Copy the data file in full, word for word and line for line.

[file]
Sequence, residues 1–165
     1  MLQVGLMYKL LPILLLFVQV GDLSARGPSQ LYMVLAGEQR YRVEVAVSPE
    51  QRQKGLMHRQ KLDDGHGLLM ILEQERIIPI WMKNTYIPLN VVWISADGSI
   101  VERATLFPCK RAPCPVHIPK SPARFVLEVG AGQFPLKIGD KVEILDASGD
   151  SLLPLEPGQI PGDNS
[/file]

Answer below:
Sequence, residues 1–165
     1  MLQVGLMYKL LPILLLFVQV GDLSARGPSQ LYMVLAGEQR YRVEVAVSPE
    51  QRQKGLMHRQ KLDDGHGLLM ILEQERIIPI WMKNTYIPLN VVWISADGSI
   101  VERATLFPCK RAPCPVHIPK SPARFVLEVG AGQFPLKIGD KVEILDASGD
   151  SLLPLEPGQI PGDNS